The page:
The Supplies You Need: (Return to Top)
- Puppy food we use and recommend Eukanuba puppy small bites to get your new puppy off to a good start.
- Stainless steel or ceramic, non-tip food and water bowls. Plastic bowls hold germs in scratches and may change the color of your puppy's nose.
- Id tags with your puppy's name, your name, phone number and your veterinarian's name and phone number.
- A collar and a leather or nylon 6-foot leash that's 1/2 - 3/4 inches wide. When a Cavalier is a pup you may need to use a kitten collar that adjusts.
- A home and travel crate (if your puppy is being flown in you will being picking him/her up in a crate already). This crate will serve as your puppy's new "bedroom" at home. When traveling it is safer to place puppy in the crate as in case of accident you want your puppy safe. You will find that your puppy will be quite comfortable in there crate and they will find a sense of security being in it. This crate will also serve as a great house-braking tool which you will read about later on.
- Brushes and combs.
- Shampoo (I use J&J baby shampoo on puppies), toothbrush and paste (if you so desire).
- Safe chew toys to ease teething (we recommend Nylon bones and the rope toys as well as booda soft squeaky).
- Flea, tick and parasite controls.
- Nail clippers.
- Treats Iams Puppy Biscuits (please no raw hide).
- Adult size cage.
Making your home safe for your new Cavalier! (Return to Top)
To make your home safe for your new puppy, eliminate potential hazards around the house.
Be careful of electrical cords!!!! Make sure you hide or covering them. Make outlets safe with plastic outlet plugs(the ones made for babys). Keep breakable objects out of reach. Keep house and garden plants out of reach Safely store household chemicals. In the garage, be sure poisonous chemicals (especially antifreeze) are safely stored. If you own a pool or hot tub, check the cover or the surrounding fence to be sure they're in good condition. If you provide your puppy with an outdoor run, place it in an area that provides sun and shelter in the run.
Bringing Your Puppy Home (Return to Top)
The ideal time to bring home a new puppy is when the house is quiet. Discourage friends from stopping by. Establish a daily routine.
Step 1: Before bringing him in the house, take him to the area in your yard that will serve as his "bathroom" and spend a few minutes there. If he goes, praise him. If not, proceed into the house but be sure to take him to this spot each time he needs to use the bathroom.
Step 2: Take him to the room that accommodates your crate this restricted area will serve as his new "bedroom" for several days. Put bedding and chew toys in the crate (no newspaper as my pups are usually paper trained before they leave), leave the door open and line the area outside of the crate with newspaper, in case of an accident. Let him investigate the crate and the room. If he chews or urinates on his bedding, remove it from the crate and use old towels for the time being.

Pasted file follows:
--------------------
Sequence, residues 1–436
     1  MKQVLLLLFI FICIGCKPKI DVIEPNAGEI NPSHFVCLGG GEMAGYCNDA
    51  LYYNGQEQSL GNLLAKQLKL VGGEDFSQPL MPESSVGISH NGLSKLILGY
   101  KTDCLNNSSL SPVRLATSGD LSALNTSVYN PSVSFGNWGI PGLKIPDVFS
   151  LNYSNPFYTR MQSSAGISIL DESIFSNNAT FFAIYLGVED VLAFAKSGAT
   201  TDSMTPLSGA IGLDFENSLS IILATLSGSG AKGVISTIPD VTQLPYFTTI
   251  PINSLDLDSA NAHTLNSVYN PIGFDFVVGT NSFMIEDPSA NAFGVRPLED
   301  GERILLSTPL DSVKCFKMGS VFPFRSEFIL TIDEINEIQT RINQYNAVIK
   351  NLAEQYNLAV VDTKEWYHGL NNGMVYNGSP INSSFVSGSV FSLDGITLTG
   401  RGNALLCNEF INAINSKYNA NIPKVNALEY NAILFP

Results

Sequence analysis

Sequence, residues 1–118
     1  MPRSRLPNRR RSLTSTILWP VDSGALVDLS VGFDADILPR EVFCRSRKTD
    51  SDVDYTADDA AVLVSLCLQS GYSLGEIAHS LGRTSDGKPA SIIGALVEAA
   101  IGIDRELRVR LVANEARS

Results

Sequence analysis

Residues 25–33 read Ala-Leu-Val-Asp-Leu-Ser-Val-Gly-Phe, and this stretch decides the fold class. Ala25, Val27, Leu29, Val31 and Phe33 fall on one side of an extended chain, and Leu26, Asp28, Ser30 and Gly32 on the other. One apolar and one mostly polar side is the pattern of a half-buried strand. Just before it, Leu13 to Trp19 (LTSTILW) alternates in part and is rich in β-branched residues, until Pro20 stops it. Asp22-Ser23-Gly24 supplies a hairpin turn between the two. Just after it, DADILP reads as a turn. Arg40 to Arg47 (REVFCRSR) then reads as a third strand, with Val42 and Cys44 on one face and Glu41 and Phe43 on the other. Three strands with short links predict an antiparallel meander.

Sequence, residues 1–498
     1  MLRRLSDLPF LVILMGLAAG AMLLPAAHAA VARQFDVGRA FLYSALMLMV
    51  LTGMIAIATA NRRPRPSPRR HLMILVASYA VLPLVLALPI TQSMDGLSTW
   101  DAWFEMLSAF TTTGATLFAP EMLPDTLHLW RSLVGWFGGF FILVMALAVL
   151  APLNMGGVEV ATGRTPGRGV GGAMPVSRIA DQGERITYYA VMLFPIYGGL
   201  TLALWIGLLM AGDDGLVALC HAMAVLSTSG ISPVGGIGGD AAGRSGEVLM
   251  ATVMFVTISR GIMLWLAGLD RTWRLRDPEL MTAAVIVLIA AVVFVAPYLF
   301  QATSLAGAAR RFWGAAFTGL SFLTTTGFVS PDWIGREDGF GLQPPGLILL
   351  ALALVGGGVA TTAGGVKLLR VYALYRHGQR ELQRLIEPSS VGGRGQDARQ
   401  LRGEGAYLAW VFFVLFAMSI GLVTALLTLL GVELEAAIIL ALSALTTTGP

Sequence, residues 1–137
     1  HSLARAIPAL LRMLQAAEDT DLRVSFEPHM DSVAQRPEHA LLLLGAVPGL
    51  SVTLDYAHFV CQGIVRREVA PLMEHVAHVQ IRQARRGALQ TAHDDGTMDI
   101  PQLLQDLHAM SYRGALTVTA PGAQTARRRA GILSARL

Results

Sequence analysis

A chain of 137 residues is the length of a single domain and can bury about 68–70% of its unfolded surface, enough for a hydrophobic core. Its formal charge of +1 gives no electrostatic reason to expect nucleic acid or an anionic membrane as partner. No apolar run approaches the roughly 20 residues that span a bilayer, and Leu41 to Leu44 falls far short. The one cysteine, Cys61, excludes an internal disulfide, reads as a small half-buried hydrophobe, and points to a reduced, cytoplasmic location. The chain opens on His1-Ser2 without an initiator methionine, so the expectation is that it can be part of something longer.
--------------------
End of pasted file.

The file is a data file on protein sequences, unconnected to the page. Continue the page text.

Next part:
Step 3: Observe and interact with your puppy while he's acclimating to his new bedroom. This will help your puppy adjust.
Note: Don't get to upset if your puppy just wants to sleep the first day. Your puppy may not even eat the first day home, it's normal. Many puppies find it quite scary the first day and start to adjust be the second or third day. Remember everything this puppy knows like his parents, siblings, Me, where he grow up is gone and that's a lot for one day!
Fencing (Return to Top)
Keeping your puppy safe in your yard requires good fencing. We don't recommend electric fences at all. Cavaliers are to sweet to put into a dangerous situation. With an electric fence the only thing you are doing is keeping your dog on your property but not keeping other dogs or aniamls off. This may result in injury or even death of the pet, so please have a private fenced area for your Cavalier.
Vaccination Schedule (Return to Top)
(Please discuss this topic with your vet.)
||Distemper, Measles, Parvovirus
||Distemper, Parvovirus, Hepatitis, Parainfluenza, Corona Virus, Bordetella
||Distemper, Parvovirus, Hepatitis, Leptospirosis, Parainfluenza, Corona Virus, Bordetella
||Distemper, Parvovirus, Hepatitis, Leptospirosis, Parainfluenza, Corona Virus, Bordetella, Lyme, Rabies
||Distemper, Parvo, Hepatitis, Leptospirosis, Parainfluenza, Corona Virus, Bordetella, Lyme, Rabies
When should my puppy be spayed or neutered? (Return to Top)
The safest age to neuter your puppy is at six months. If the surgery is done at this time, you can greatly reduce risk of health problems later in the dogs' life. Having the surgery done earlier than six months is not necessary. Discuss your questions about the procedure with your vet. Why should my puppy be spayed or neutered? In female dogs, spaying prevents uterine infections (pyometra, which not caught in time is fatal), false pregnancy, ovarian tumors, uterine tumors and unwanted pregnancy. It also reduces risk of mammary tumors and vaginal tumors. A common misconception is that a female should have at least one litter prior to being spayed. This is absolutely false!!!! She will not miss out on motherhood. Instead, she will be at increased risk of all the above mentioned health problems after just one litter.
In males, neutering reduces risk of prostate cancer and prevents testicular tumors. Many behavior problems in males can be reduced including roaming tendencies, inappropriate urination and other destructive behaviors.